The premier digital transformation event LiveWorx took virtual form this year, delivering four survival skills to help industrial enterprises thrive in the "new normal." among several other thought-provoking ideas and industrial innovations on display.
During the show, PTC President & CEO Jim Heppelmann delivered a high-impact virtual keynote ‘Disrupted: Lessons Learned and the Path Forward’. Here is a summary of the four skills industrial enterprises need to thrive in the new normal:
Many organizations’ IT infrastructure were under prepared for the massive workforce shift to remote work caused from the COVID-19 crisis. Seventy-five percent of organizations immediately shifted to work-from-home policies and 41% reported a strain on internal IT resources as a result.
While IT departments are seeking short-term patches to manage this crisis, a long-term strategy for a resilient and mobile workforce is needed. This new forced method of working has let the "genie out of the bottle," as 74% of CFOs report they will move at least 5% of their previously on-site workforce to permanently remote positions post COVID-19.
Many cloud and SaaS-based tools have allowed for a seamless transition to remote work for certain functions. For example, SaaS tools already dominant in enterprise software such as CRM, HCM, and ERP have enabled workers in those related functions to work from home with little or no difficulty.
However, product development tools remain largely on-premises today. This is poised to quickly change; IDC predicts by 2022, 70% of manufacturers will use cloud-based innovation platforms and marketplaces for cross-industry and customer co-development.
In his presentation, Heppelmann outlined three companies already taking advantage of the benefits of cloud and SaaS software to enable their product development process with remote and geographically dispersed engineering teams.
Supply chains are remarkably complex, which challenges manufacturing production flexibility, especially in times of crisis or disruption. Global manufacturers like automakers have, on average, 500 tier-one suppliers, who each have 250 tier-two suppliers, creating a supply chain network of 1.25 million suppliers.
Today’s supply chains have to install and deploy the same version of the same software tools at each company in order to facilitate exchange of data. This means that upgrades must be coordinated simultaneously up and down the supply chain to keep everybody interoperable.
Quickly cross-exchanging design information to engineer, update, and manufacture products is burdened by this lack of interoperability and points to the need for a seamless digital thread to maintain continuity of information across the supply chain.
Heppelmann shared three more examples of how digital transformation enables flexible and innovative supply chains.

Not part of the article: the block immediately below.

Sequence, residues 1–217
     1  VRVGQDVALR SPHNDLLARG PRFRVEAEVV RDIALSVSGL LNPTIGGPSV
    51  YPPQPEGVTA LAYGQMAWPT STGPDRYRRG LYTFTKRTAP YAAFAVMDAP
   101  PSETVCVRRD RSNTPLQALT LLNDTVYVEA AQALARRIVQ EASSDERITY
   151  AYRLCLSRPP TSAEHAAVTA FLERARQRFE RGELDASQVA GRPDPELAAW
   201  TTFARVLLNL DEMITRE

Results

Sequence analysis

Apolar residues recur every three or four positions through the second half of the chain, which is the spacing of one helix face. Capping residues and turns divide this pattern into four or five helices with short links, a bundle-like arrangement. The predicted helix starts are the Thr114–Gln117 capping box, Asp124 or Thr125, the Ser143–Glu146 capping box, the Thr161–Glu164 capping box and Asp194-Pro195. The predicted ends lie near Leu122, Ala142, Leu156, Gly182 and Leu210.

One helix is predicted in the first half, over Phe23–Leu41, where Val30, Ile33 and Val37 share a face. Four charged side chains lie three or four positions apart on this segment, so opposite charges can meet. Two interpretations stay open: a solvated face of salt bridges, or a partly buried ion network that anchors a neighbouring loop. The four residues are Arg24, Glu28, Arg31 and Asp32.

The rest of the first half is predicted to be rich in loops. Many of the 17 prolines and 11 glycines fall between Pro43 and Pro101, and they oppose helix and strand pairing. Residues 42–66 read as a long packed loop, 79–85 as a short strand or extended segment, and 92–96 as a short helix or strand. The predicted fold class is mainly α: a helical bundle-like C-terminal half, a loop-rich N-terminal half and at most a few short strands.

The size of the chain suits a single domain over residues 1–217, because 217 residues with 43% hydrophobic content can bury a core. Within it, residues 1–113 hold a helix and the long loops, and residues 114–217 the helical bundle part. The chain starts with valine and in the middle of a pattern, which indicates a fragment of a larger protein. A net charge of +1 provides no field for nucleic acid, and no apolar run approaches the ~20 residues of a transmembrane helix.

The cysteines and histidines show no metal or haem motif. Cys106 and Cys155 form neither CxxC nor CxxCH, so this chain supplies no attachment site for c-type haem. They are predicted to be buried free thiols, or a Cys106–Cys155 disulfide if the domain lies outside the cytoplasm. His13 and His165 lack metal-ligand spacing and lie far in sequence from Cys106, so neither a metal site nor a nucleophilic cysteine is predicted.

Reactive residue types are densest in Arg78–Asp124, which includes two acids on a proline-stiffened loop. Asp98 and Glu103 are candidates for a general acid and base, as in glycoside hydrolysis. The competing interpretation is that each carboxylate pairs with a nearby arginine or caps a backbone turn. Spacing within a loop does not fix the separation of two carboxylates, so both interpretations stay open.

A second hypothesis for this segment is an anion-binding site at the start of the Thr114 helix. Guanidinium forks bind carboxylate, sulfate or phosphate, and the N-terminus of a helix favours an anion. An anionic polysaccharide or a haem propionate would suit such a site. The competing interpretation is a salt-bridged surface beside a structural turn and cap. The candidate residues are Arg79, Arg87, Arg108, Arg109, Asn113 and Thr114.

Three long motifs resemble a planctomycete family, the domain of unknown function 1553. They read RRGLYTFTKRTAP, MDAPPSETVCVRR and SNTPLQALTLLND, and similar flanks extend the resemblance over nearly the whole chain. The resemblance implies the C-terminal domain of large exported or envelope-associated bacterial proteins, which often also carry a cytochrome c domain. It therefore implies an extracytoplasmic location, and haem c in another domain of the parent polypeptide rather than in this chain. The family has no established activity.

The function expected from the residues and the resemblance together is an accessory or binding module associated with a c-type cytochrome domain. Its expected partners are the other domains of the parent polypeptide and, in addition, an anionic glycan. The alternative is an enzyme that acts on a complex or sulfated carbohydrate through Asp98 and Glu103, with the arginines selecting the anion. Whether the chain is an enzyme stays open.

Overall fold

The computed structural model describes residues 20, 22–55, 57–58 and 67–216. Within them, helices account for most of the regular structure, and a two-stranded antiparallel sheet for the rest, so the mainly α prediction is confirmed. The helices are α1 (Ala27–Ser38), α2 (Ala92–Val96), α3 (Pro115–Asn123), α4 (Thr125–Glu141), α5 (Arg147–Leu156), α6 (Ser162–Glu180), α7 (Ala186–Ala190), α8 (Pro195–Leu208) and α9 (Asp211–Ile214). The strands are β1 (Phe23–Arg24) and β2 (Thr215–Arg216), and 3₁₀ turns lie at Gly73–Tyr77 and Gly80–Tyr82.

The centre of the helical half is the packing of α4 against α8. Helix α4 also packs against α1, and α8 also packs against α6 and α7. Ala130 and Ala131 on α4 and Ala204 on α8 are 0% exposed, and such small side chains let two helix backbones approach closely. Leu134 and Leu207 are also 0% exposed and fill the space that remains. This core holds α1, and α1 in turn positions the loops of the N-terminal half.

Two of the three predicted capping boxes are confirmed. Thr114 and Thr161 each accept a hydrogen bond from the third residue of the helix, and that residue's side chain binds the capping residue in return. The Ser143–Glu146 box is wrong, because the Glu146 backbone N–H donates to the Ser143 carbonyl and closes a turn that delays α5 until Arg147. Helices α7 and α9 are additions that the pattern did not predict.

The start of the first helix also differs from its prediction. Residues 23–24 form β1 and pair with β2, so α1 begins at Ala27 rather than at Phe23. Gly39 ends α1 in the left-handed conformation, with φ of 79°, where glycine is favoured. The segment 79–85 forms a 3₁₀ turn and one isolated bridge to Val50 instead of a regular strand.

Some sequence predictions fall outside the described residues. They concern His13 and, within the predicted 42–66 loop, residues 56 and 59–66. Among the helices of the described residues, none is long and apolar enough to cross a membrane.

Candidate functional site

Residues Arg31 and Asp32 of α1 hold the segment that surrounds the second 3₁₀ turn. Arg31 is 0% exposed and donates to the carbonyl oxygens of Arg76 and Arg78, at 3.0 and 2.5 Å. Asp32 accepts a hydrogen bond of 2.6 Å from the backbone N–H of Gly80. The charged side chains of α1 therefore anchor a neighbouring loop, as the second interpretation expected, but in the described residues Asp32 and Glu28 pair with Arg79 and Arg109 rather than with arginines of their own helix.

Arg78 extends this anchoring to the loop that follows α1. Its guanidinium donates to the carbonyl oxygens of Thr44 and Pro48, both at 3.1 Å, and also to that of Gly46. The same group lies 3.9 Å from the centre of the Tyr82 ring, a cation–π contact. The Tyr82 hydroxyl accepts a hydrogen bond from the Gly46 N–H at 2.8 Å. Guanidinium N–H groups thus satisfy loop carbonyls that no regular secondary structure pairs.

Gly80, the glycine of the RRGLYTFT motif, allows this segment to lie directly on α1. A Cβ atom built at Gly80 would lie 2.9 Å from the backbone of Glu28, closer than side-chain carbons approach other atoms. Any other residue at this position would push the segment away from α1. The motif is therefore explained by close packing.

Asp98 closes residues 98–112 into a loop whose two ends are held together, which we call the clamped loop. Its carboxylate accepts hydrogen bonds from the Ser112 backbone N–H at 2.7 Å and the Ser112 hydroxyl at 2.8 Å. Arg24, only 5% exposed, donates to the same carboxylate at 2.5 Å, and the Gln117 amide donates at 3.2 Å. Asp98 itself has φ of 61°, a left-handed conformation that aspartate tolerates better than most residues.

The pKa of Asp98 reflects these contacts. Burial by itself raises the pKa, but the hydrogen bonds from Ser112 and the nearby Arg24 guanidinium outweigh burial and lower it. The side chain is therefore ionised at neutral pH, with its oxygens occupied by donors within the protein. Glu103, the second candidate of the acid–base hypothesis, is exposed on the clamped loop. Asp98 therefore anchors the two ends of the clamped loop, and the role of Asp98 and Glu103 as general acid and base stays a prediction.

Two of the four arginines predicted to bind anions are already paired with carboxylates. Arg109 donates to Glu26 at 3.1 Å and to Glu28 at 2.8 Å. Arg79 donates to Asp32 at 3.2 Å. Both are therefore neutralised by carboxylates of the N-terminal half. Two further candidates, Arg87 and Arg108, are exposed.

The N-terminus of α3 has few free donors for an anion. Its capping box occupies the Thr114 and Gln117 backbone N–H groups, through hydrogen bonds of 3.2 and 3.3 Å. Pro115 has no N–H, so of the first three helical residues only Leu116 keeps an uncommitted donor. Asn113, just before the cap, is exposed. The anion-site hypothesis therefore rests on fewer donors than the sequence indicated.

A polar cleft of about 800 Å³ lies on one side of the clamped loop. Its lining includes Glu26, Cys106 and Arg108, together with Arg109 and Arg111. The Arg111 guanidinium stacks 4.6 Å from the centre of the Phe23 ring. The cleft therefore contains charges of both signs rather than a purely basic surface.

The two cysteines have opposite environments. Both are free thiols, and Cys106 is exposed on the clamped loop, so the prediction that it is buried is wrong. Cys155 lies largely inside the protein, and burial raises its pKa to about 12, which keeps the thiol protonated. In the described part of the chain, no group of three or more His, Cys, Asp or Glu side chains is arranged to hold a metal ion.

Around 75% or 2.7 billion of the global workforce is considered front-line or deskless workers. However, digital benefits have not historically benefited them; video conferencing software like Microsoft Teams and Zoom allows desk workers to collaborate on desktops, but front-line workers do their work in the physical world. However, this is quickly changing with augmented reality (AR).
With AR for remote assistance, front-line workers connect with remote experts for over-the-shoulder support to collaborate in real-time and quickly solve complex problems. AR can publish content such as training manuals or work instructions onto real-world objects and places for the worker to absorb in-context to their work environment and task at hand. AR can capture how-to information such as service procedures and map it to the real world.
Industrial companies have begun to empower their front-line workers with digital capabilities and AR is their chosen technology to do so:
Downtime costs industrial companies thousands per hour. However, COVID-19 restricted access to an array of industrial assets, whether in a factory or hospital, with 81% of companies implementing travel bans and 46% issuing mandatory restrictions on employee contact in the workspace.
Remote monitoring of products and factories allows companies to continue operations despite work from home, travel bans, quarantined areas, and limited staff. Remote capabilities were critical in the wake of the crisis for improving uptime in critical environments, but they also save massive labor and asset costs from technician travel and downtime, and they transform the relationship with customers.
By implementing the above four skills, industrial companies can thrive during these uncertain and challenging times.
During his keynote, Heppelmann shared a dozen examples of leading industrial companies that have leveraged digital technologies like SaaS to enable resiliency and mobility across their knowledge workers, and flexibility across design, supply chain, and manufacturing. We saw how AR is being used to enable front-line workers to collaborate in new ways to improve productivity. And we saw how IoT combined with AI enables factories and product fleets to achieve double digit improvements in their operations, at times saving both money and lives.
Now it is time to take stock of what has worked and what has not during the COVID-19 pandemic, and to think beyond necessity, to leverage these four skills for business advantage going forward.